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  8. To This Baby, a Magazine is a Broken iPad. This Holds Significance

    Submitted for your approval, a child introduced to the iPad at a young age, exposed to its various delights of  light and sound, unable to comprehend a magazine. The video shows that this 1-year-old baby, after being introduced to an iPad, has become trained by its (admittedly elegant) user interface to repeatedly try and use a glossy magazine the same way. Needless to say, it doesn't work.

    Of course, on one level this is cute, but on another, it could speak to the incredibly powerful way the technological innovations of the past 15 years or so will affect the next generation of human beings. We have generally thought of technology as being something hard to grasp and hard to teach, but this video seems to illustrate that that has fundamentally changed. Forever. Of course, as terrifyingly poetic as that explanation may seem, there's way more to it than that.

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  9. Google's Print Magazine Arrives In The US, But Not For Everyone

    Google has released the first US edition of its marketing magazine Think Quarterly. Print copies of the magazine will be sent to a limited number of businesspeople and executives through the mail. If you aren't lucky enough to be on Google's mailing list, never fear, you too can browse through the magazine, you'll just have to settle for the online version. The print edition is apparently pretty luxurious with a magnetic cover, heat-sensitive end paper, and a blue ribbon fastener. The magazine is essentially a very pretty advertisement for how wonderful Google is, with a feature story highlighting the positive work done at Google. In addition to several pages dominated by advertising executives, the magazine also has several essays on the future of the Internet and society.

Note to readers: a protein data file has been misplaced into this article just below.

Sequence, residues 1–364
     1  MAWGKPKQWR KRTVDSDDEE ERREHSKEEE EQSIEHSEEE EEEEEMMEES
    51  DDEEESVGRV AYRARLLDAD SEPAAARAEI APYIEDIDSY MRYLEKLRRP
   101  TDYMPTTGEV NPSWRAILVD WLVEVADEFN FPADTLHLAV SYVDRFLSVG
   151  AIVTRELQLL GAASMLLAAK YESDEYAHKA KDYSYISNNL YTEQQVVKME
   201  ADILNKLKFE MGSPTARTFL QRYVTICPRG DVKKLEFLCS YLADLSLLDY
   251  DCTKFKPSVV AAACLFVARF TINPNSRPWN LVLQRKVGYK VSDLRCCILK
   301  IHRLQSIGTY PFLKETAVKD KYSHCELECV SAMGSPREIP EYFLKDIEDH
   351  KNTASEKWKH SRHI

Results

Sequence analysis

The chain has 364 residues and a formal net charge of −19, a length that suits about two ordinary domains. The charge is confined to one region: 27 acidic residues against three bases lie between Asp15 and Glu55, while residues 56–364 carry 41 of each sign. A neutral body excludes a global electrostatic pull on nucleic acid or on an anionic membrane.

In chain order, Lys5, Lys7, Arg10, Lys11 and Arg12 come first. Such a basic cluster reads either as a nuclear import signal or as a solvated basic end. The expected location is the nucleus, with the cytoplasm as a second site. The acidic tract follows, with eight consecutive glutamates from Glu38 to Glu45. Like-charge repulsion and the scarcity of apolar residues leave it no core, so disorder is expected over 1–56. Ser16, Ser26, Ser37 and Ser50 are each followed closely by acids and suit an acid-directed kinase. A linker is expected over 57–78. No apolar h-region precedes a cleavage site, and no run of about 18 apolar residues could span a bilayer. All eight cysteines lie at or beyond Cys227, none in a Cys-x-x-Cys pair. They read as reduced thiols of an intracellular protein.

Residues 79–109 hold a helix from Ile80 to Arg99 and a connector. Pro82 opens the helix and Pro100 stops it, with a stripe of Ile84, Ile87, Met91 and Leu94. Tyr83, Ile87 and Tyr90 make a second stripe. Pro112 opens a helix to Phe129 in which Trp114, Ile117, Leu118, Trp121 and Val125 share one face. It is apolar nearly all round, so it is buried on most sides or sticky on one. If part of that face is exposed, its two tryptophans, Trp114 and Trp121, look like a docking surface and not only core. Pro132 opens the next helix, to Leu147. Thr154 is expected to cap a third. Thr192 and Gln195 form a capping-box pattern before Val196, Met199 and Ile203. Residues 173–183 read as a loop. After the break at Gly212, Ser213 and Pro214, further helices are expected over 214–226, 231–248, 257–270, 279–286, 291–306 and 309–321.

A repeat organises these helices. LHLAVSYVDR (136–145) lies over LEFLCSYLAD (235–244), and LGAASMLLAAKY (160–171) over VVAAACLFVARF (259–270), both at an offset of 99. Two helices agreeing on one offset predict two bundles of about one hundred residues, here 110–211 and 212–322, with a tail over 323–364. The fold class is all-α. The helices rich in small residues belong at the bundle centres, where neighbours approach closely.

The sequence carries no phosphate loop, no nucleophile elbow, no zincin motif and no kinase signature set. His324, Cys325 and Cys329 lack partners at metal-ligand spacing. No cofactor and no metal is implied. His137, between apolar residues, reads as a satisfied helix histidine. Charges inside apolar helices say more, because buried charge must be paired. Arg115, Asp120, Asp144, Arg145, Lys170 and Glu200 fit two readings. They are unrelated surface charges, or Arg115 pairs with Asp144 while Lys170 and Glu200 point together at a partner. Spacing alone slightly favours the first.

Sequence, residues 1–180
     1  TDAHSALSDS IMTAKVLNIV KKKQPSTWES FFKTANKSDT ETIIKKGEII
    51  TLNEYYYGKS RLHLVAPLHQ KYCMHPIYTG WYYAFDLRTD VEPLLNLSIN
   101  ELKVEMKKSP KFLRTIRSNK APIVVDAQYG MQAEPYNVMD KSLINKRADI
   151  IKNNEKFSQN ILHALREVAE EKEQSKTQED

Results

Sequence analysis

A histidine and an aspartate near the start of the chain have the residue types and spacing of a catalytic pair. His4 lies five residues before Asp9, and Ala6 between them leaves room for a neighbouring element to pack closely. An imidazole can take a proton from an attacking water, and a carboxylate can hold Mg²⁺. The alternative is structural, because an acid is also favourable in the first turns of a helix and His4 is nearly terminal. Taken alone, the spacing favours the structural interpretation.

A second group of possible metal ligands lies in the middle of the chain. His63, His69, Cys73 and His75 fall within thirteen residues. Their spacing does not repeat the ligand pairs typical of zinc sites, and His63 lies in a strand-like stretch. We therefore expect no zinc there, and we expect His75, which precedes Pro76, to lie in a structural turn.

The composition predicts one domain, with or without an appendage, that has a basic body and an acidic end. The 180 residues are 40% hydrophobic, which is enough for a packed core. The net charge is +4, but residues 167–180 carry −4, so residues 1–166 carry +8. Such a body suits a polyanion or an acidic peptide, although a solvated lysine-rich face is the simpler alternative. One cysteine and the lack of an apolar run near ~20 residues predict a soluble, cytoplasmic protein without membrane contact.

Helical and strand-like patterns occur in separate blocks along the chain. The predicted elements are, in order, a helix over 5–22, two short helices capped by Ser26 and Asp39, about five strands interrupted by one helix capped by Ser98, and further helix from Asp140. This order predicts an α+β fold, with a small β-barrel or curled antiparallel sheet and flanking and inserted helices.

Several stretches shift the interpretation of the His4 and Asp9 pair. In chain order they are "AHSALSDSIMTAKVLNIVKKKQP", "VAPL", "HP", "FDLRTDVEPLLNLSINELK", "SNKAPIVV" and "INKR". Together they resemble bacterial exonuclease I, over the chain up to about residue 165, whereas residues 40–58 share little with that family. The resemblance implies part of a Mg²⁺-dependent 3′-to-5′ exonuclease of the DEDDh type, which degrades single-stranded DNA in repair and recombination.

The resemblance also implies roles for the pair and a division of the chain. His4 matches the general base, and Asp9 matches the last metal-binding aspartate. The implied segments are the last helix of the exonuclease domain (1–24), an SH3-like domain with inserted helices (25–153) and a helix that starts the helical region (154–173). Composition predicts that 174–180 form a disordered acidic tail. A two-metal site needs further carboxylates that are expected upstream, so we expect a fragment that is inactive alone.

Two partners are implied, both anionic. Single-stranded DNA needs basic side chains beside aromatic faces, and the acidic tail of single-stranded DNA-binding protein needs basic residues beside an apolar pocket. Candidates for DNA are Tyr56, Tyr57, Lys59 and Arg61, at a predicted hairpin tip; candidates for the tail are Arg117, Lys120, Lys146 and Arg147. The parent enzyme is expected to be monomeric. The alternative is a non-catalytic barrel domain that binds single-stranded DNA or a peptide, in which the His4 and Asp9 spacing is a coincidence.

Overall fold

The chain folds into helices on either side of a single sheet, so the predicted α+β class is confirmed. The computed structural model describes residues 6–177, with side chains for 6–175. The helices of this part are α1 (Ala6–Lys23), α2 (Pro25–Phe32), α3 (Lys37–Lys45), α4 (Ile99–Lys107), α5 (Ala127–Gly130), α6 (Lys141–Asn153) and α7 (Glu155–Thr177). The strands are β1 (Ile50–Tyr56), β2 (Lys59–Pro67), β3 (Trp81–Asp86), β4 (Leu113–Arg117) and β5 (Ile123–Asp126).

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  10. Report: Wizard Magazine Shuttered, Effective Immediately. UPDATE: Toyfare Too